Death

Turning off each other’s microphones, the home team hold the fort this week to discuss psychics, the paranormal and words of knowledge, the relationship between forgiveness and reconciliation, and unpack a question on death in the light of creation.

Which Creed best sums up the Christian faith? Graham, Mike, and Jane discuss the Nicene Creed and other ecumenical and confessional creeds of the church. And in the second part of the GodPod they address the sensitive issue of death: what happens to someone who dies who has not been baptised, or who has committed suicide?

Paul Woolley, Director of Christian think tank Theos, joins Graham and Mike to discuss the place of religion in secular society and matters of environmental and medical ethics. They consider the growth of the global church, as well as the privatisation of faith in the context of secular humanism and world religions. How should Christians be involved in the political sphere and the criminal justice system? And how does what we believe about life after death influence what we think about cremation or burial practices, the donation of organs to medical science, and our stewardship of the environment?

The regular team are joined by David Hillborn, Director of the North Thames Ministerial Training College, in considering a panoramic sweep of theological issues. The doctrine of God is high on the list, with subjects such as the nature of Jesus and the Trinity among the subjects discussed, as well as the death of Christ and life after death. And bringing this particular discussion to a conclusion, the team discuss our calling to worship God.

Following a relaxing break, Graham and Jane tell us about their summer reading: Harry Potter and Richard Dawkins. They’re later joined by Mike and Amy Orr-Ewing to discuss the place of our souls and memory after death.

Is God fair? Why does he seem to choose some people and not others? And if we can ‘just forgive’ each other, why can’t God just forgive us, without Jesus having had to die for our sins? Graham, Mike and Jane discuss the doctrines of election and atonement, and also talk about the Name of God.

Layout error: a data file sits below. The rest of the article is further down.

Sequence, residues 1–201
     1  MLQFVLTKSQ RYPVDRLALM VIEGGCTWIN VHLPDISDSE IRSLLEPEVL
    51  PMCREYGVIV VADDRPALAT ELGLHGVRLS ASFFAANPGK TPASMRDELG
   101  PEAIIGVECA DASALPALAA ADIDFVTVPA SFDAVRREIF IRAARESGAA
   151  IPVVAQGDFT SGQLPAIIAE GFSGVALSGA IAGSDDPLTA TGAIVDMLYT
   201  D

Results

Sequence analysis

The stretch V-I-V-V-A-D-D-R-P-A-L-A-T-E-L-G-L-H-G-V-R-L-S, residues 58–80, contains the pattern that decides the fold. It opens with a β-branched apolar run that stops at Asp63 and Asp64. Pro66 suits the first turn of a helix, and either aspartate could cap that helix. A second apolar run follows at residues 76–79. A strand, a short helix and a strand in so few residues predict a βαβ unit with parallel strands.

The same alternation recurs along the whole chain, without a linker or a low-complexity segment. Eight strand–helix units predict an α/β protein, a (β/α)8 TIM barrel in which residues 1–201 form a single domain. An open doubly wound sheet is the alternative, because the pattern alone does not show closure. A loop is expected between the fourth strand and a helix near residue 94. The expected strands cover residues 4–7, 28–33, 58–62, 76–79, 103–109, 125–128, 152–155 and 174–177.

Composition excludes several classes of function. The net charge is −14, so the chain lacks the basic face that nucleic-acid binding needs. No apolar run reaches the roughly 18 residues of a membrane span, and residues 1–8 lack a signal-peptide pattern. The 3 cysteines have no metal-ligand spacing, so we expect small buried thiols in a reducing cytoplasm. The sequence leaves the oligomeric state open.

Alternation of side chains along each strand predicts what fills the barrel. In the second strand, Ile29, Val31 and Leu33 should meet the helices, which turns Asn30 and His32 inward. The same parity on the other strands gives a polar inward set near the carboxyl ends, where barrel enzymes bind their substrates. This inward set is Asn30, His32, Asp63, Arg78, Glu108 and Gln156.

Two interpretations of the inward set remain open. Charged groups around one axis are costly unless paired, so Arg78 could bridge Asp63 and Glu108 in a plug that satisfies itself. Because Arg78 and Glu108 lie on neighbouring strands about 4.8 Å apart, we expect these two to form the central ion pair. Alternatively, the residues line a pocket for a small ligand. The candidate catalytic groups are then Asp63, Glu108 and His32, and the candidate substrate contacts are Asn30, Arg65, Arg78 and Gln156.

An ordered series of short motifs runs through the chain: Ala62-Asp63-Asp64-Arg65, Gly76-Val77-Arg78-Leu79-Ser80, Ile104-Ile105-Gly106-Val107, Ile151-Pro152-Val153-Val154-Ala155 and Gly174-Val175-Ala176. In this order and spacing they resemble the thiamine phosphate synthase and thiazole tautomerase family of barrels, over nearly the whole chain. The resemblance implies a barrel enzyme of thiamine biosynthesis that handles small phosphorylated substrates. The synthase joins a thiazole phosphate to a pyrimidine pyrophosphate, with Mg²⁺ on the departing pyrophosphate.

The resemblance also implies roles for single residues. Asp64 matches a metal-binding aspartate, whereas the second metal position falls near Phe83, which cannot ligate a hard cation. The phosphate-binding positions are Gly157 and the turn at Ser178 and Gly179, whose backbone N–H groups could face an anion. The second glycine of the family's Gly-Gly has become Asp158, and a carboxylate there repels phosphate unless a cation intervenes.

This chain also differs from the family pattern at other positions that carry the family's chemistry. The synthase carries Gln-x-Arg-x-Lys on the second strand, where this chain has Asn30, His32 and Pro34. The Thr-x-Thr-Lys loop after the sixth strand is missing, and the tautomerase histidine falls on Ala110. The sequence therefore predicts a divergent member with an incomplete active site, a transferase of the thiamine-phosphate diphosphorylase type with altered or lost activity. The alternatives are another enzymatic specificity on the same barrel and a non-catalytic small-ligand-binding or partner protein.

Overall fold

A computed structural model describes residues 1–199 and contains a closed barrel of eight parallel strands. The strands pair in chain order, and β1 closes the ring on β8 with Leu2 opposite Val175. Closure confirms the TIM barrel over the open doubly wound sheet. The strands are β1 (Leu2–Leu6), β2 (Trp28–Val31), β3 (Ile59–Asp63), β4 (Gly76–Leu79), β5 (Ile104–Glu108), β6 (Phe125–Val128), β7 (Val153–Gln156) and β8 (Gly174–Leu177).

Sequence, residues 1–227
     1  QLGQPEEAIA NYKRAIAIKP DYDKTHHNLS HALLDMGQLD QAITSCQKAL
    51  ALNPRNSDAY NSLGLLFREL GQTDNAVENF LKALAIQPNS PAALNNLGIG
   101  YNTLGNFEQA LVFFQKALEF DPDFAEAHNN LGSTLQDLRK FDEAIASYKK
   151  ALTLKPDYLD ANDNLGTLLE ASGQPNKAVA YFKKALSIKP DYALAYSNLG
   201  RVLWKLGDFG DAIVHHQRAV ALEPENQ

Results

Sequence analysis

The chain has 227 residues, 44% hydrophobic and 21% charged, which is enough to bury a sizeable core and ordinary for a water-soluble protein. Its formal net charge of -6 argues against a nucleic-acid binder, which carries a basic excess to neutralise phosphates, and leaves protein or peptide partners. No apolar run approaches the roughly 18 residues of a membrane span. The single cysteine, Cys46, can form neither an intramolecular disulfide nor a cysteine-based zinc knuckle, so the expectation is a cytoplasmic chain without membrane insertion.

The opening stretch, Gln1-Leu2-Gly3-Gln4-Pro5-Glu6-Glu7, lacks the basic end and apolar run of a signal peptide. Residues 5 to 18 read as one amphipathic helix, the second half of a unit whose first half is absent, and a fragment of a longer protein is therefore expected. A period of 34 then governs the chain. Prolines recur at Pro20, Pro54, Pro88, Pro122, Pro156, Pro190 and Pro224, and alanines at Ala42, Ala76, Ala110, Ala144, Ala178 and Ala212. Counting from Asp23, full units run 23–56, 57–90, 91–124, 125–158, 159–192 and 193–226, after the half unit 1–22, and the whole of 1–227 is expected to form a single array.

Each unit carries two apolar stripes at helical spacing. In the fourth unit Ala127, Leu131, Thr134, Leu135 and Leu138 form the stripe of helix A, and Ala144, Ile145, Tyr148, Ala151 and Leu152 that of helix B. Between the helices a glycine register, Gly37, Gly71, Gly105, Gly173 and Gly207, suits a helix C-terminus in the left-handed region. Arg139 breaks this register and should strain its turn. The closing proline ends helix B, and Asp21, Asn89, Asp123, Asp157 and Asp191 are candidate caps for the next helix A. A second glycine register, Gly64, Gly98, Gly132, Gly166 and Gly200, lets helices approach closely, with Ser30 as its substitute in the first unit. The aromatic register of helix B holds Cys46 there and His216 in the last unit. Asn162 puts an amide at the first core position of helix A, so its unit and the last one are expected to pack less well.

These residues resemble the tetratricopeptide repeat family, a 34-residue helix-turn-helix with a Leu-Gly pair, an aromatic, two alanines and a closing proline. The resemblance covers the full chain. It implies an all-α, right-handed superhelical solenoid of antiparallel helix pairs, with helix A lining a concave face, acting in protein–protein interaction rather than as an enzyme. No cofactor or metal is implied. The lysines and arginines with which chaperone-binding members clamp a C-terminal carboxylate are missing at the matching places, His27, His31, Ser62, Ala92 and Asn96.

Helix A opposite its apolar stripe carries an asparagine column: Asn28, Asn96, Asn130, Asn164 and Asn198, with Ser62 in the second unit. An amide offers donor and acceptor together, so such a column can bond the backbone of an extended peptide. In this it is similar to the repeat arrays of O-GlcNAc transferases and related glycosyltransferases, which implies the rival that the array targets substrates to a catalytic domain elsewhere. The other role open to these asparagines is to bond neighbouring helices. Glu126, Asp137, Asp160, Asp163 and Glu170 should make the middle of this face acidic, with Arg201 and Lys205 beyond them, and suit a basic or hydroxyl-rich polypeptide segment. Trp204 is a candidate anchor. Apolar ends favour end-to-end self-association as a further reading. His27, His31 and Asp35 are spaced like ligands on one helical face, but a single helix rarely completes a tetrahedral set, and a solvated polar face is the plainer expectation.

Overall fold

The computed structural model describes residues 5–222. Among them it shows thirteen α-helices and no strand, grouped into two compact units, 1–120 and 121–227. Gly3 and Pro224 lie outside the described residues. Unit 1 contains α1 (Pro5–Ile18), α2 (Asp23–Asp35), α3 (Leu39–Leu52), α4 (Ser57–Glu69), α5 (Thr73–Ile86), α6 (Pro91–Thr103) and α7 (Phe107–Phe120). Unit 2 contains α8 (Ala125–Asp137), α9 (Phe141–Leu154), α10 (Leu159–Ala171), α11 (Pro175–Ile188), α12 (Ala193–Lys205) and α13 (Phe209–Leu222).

What was the nature of Jesus’ resurrection, and how does it relate to our own hope for life after death? In fact, is such hope just for our own lives or for the whole of creation? Graham, Mike, and Jane discuss the bodily resurrection of Jesus and its affirmation of the goodness of physical matter, drawing out its implications for the way we live our lives now as well as our hope for the future. They also address the question of whether there is a hierarchy in heaven. Do some people get better mansions than others?

Our three theologians grapple with the doctrine of the Trinity and its relation to the cross. In Mark’s gospel, Jesus cries out on the cross, “My God, my God, why have you forsaken me?” (Mark 15:34). What does this cry of dereliction tell us about the relationship between Father, Son and Holy Spirit? Can God suffer? Can he change? Is God’s action sometimes ‘hidden’, as Pascal suggested? Graham, Mike, and Jane go on to consider the relationship between prayer and time and the nature of human participation in the work of God. Can we pray for things that have already happened? Can we pray for our loved ones who have died?

Where does evil come from? And what happens when we die? Graham Tomlin and Mike Lloyd dive straight in with two of life’s biggest questions on this, the first GodPod.

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